Erin Forsyth's favourite things
Artist Erin Forsyth gets her kicks from cartoons, native plants and a vintage fox
You may have seen Erin Forsyth's work around town. Her comically dark illustrations have graced walls, cafes, clothing and album covers. Recently, she has worked on large-scale murals for new High St cafe Chuffed, and, continuing her work with designer Jimmy D, stamped quirky cartoons on his latest range, Hell or High Water. Her meteor man, sad emoji, Mr Weed and tsunami prints offer a wacky take on the end of the world.
Along with clients such as Converse, Red Bull, Tiger Beer and Workshop, Forsyth has worked on a number of exhibitions and events, last year co-ordinating the Artweek Auckland programme for the central city.
She has just passed on the management of Method and Manners studio, which she founded with her sister and two others in 2009, and is now editing new independent publication The Vernacularist, produced by Depot Artspace, where she also works in project development.
Forsyth works from her apartment above a Grafton cafe, where books, cartoons and her well set-up desk fuel her creative practice.
• See Erin's work at cargocollective.com/erinjoanforsyth.
MY FAVOURITE THINGS
1.Mickey Mouse Ephemera
Mickey's a standout guy: a cartoon legend of yin and yang symbology.
Do kids still grow up with Mickey Mouse? These are a few fave things from my Mickey collection: a flipbook, an early plastic figure and a book about Mickey being a pilot. All gifts from various loved ones.
2. Silver fox
This little guy belonged to my dad's mother, my grandmother Joan. She and her husband, my grandfather Hector, lived and worked in Hong Kong and as a result my dad was born there. When I was a child he would always joke that he had a stamp on his bottom that said "Made in China", and being a child I always believed him.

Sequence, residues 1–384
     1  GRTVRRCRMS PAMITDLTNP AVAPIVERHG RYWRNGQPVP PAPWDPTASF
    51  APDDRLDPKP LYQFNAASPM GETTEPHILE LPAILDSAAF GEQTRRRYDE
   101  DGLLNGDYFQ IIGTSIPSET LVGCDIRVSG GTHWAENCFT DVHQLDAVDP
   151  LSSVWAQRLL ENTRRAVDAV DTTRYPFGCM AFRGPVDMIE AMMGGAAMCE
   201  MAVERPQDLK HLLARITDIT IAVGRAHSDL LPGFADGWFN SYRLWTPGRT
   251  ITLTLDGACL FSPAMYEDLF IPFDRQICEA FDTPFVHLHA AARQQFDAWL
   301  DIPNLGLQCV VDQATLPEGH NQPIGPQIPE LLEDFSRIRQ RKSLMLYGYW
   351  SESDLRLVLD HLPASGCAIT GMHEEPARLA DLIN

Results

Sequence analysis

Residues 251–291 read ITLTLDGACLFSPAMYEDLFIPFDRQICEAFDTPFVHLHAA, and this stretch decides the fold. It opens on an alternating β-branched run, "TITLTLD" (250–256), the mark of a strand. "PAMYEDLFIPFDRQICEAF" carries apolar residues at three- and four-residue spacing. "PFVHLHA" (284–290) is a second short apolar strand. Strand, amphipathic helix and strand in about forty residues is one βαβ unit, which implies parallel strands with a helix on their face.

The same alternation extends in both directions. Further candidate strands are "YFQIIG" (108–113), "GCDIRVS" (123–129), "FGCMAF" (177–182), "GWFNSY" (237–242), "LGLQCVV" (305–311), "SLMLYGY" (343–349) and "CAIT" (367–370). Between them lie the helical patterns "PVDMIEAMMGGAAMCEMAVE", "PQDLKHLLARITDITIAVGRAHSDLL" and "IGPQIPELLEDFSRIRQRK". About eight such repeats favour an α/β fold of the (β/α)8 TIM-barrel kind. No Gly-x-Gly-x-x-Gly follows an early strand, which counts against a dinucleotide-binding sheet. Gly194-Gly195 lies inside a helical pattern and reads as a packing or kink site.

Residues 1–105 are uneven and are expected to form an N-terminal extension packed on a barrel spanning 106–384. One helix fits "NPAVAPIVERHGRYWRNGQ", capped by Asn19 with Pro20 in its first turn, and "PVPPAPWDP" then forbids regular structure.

3. I Am a Fireball Flying Through Time by Kristal Gallagher
Kristal Gallagher is a talented artist and musician from such infamous bands as Las Tetas and The Vietnam War. Her work has always inspired me. She exhibited last year with Eleanor Haydn at Method and Manners (Upper Queen St, Auckland) and we got to talking about this piece. She described, far more eloquently than I am able, how our lives are travelling through time and space, burning. That we should live honestly and with conscious knowledge of this. The great "I AM" is always stimulating for contemplation.
4. Books on native plants and birds in Aotearoa/New Zealand
I don't use a lot of reference in my work unless I am working on studies of animals, flora and fauna. Over the years I've collected many books on the subject of native and indigenous species in New Zealand and I particularly enjoy comparing the illustrated volumes to the photographs to see how different artists have interpreted the subject. The large volume opened here is the work of Raymond Ching, arguably New Zealand's most famous ornithological illustrator. The Bird Paintings, Raymond Ching (William Collins and Sons, London, 1978).
5. Drawing desk set-up
I bought this desk for $20 from artist Peap Tarr when he moved to Cambodia. It comes apart really easily and doesn't take up a lot of room, unlike many of the old designs. The lamp was a gift from my auntie Deborah Fabrin, who is an artist in her own right. The leather rug was purchased from Search and Destroy. Both the desk and the lamp I consider to be practical necessities, while the rug gives me an oddly essential tactile stimulation.